A few days ago, while I was sitting and looking out of my window (thanks to the pandemic, you can do that without being guilty), I went down memory lane. I was born and brought up in Srinagar, Kashmir. Although we lived in the city, our grandparents had roots in one of the surrounding villages.
An uncle of my father’s would often come visiting, and we would be very excited about it. He was like Santa Claus for us – dressed in his traditional “pheran” and an orange turban, with red cheeks and a beaming smile. He would enter the house and all the kids of the family would pounce on him.
Why! He would take one kid to the side and dramatically take out two orange candies and give it to him or her. A smile still comes to my lips when I think of this. What innocence, what simplicity, what happiness we would feel about these two candies! It wasn’t that we didn’t have other things – but the love with which he would do this simple thing meant a lot to us.
Life happened. After moving around India and a few places abroad, I found myself in Delhi. One day while buying mangoes from a vendor, a young mother standing nearby started talking to him. She wanted the same mangoes which she had bought the previous day as her son had loved them.
Suddenly, she pointed to her son and the vendor and I both looked towards him. We saw a nine-month-old baby cheerfully playing with a squeaky toy. Our eyes shifted from the baby, back to the mother and I wondered where we went wrong. What happened to the little things that brought us happiness and satisfaction? Where were we leading our kids?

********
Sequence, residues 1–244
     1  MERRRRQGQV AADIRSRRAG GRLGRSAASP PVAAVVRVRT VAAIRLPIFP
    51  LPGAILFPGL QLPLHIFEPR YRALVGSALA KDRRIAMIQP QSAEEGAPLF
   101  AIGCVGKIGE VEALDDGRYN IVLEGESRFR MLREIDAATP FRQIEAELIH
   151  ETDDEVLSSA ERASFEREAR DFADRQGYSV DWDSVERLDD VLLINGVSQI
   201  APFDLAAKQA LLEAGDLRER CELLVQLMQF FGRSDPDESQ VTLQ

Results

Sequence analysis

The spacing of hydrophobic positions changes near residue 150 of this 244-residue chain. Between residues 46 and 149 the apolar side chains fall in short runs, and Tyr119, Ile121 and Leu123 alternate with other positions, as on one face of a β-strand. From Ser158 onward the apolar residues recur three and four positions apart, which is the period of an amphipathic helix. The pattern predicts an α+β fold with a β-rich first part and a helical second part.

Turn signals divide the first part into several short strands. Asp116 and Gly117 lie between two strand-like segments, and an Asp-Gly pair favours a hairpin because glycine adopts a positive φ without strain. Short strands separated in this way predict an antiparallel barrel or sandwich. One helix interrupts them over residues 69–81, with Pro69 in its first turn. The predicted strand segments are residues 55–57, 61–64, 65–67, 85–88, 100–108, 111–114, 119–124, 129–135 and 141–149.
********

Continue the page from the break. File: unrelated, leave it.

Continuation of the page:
Now I live in Gurgaon in a high-rise apartment. It’s a place where hundreds of people live, next to each other, but few actually know each other. I was visiting a friend of mine one day; she had a guest who kept talking about how the previous evening they had to keep hopping between restaurants as their daughter didn’t like the ambiance of places they visited. Finally, she zeroed in on one and they had their dinner. When this guest left, I asked how old their daughter was. My friend smiled and said, “two”!
There seems to have been a major shift in our thinking. Life has become one big basket of wants and even more wants. We don’t even stop and see what we are collecting in that basket. The greed seems to be spilling over. It is time to take a breather and look into this basket, to ponder what it is that we really wanted in the first place – or indeed if there is anything in this basket that we want at all. Wasn’t what we had, enough?